by Liz Walter
I thought it would be nice to talk about something cheerful today, so this post is about having fun!
Did you have a nice time in London?
Thanks for dinner on Saturday. We really enjoyed ourselves.
When we talk about things people often enjoy, we can use slightly informal phrases such as be into something or go in for something. If the thing they enjoy is exciting, we might say they get their kicks from it or that they get a kick out of it:
Ben’s really into skydiving.
I don’t really go in for water sports.
I get a kick out of seeing my pupils succeed.
He delighted in good conversation.
She relished her role as Queen Victoria.
She takes great delight in cooking huge meals.
If you savour (UK)/ savor (US) a situation, you enjoy it slowly and as much as possible. Similarly, you might drink in or soak up the sight or sound of something you enjoy, or revel in or bask in a situation that makes you feel good:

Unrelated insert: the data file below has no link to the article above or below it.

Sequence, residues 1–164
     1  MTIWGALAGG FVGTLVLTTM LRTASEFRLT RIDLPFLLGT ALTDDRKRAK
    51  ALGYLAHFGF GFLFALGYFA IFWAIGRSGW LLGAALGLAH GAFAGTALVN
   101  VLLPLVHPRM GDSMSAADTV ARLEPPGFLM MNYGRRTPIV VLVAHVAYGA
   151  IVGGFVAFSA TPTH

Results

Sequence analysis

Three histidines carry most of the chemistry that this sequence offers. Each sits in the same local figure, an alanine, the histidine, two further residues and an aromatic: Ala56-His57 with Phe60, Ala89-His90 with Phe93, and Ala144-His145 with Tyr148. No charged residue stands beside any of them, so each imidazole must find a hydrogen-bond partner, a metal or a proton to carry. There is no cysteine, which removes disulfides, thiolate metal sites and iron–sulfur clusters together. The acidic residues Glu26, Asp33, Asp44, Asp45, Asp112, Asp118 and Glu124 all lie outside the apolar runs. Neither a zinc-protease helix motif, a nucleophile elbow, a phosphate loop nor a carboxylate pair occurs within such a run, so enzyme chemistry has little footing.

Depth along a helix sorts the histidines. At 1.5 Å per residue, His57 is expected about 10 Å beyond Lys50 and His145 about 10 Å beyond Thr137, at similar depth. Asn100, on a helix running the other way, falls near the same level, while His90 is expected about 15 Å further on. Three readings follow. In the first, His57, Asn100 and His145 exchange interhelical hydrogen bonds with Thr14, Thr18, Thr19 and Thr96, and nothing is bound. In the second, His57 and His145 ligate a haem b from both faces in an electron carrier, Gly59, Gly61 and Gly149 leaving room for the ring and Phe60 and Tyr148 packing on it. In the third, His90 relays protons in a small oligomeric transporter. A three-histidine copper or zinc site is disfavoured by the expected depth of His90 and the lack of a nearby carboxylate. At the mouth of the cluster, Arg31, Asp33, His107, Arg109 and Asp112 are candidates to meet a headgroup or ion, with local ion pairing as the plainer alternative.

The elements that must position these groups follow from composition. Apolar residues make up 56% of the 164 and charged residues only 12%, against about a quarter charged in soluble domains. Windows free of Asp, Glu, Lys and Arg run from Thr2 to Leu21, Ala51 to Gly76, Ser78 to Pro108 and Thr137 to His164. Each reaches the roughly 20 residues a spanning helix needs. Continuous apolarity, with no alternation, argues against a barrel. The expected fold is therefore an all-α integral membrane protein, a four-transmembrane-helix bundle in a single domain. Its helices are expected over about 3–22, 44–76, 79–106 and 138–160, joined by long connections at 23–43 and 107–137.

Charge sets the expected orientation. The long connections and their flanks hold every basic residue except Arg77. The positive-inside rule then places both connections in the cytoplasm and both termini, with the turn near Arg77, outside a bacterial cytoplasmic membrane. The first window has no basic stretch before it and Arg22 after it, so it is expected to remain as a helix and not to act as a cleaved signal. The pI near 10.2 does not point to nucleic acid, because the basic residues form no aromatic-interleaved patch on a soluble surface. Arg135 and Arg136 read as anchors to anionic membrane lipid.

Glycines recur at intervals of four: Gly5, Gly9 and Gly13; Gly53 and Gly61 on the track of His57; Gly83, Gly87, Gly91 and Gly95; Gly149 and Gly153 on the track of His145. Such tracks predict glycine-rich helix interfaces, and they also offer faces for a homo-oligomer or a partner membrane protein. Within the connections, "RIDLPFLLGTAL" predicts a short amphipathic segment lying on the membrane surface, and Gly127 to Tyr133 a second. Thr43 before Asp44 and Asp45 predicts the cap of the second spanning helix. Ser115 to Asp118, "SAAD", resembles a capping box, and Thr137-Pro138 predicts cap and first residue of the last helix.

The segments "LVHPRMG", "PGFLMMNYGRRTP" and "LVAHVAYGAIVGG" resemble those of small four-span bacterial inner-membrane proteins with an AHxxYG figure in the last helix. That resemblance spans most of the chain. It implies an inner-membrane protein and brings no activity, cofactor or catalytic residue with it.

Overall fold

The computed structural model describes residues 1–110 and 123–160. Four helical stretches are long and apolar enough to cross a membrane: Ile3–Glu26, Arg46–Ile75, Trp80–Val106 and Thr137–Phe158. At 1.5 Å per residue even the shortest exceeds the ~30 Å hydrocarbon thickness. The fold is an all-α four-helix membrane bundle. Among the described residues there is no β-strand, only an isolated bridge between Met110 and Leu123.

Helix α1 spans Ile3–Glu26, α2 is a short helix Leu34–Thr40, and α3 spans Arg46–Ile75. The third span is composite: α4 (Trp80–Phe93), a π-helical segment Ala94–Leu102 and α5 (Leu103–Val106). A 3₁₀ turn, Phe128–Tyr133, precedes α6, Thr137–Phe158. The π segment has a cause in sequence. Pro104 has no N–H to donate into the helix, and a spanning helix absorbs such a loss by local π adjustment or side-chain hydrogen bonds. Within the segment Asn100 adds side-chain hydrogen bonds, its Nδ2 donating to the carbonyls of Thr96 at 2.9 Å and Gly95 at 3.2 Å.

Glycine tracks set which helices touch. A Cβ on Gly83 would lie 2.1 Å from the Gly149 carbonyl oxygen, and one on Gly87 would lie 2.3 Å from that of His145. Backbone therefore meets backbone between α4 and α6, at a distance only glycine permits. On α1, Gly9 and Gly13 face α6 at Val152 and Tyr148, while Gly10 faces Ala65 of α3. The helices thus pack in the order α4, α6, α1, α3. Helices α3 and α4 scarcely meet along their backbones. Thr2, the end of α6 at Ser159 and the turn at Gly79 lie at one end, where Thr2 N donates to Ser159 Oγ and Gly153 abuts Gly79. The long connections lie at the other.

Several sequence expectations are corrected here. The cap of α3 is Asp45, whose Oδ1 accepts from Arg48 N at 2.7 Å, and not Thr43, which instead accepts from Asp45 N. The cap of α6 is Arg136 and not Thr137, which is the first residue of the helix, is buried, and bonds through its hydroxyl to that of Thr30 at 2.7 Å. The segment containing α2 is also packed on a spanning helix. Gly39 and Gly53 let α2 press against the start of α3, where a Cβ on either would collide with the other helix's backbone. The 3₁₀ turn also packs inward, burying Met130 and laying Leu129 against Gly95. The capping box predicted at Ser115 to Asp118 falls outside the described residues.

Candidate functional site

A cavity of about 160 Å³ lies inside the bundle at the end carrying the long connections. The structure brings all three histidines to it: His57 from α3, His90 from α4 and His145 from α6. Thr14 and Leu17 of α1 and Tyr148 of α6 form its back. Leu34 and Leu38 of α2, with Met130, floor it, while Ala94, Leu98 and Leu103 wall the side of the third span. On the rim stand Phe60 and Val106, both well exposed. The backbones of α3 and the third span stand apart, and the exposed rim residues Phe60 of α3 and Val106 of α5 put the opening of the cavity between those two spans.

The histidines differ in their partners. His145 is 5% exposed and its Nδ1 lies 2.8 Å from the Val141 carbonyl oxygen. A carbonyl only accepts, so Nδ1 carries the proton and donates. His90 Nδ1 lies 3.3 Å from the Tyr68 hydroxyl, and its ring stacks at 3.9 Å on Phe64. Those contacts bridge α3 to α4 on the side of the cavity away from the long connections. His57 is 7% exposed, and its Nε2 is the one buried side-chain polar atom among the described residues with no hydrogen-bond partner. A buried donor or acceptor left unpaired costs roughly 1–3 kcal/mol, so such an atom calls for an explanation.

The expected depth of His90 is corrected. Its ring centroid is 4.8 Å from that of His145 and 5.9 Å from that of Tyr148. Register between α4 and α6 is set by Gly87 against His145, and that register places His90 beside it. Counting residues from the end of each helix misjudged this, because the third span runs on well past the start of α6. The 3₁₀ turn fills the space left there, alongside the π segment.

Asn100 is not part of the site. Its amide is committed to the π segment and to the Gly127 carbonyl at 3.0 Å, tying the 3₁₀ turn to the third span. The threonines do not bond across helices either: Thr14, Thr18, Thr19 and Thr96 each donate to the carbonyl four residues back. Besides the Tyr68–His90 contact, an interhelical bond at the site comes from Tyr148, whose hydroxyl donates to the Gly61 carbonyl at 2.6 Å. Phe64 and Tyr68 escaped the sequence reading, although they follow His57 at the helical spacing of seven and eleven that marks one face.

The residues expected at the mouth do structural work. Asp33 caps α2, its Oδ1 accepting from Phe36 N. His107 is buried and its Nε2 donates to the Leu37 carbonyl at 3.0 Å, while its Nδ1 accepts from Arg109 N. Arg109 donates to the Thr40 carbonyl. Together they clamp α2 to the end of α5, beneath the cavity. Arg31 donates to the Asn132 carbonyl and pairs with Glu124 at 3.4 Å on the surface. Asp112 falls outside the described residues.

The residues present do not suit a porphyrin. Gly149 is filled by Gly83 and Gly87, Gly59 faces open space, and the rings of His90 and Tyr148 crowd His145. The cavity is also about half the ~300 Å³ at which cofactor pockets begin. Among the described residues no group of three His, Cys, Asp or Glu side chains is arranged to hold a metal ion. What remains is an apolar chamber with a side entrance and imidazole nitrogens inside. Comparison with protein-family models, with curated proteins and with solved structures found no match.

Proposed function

We walked around, savouring the atmosphere.
They were drinking in the sights of the market.
She revelled (UK)/reveled (US) in the fame her novels brought her.
There are several phrases that describe an extremely enjoyable experience or event. For example, you might say that you had a whale of a time, a ball or the time of your life, or describe the experience as a blast:
The children had a whale of a time on the trampoline.
It was such a great party – we had a ball!
Look at Peter – he’s having the time of his life!
The holiday was a blast!
Come out with us tonight. Let your hair down a bit!
Their exam results had arrived and they were painting the town red.
I know that readers of these posts are into English and delight in learning new words and phrases, so I hope you will have found some useful ones here!